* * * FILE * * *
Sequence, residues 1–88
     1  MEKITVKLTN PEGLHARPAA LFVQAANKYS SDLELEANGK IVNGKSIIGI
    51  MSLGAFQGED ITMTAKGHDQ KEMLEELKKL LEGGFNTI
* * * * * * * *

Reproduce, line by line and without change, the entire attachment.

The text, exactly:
Sequence, residues 1–88
     1  MEKITVKLTN PEGLHARPAA LFVQAANKYS SDLELEANGK IVNGKSIIGI
    51  MSLGAFQGED ITMTAKGHDQ KEMLEELKKL LEGGFNTI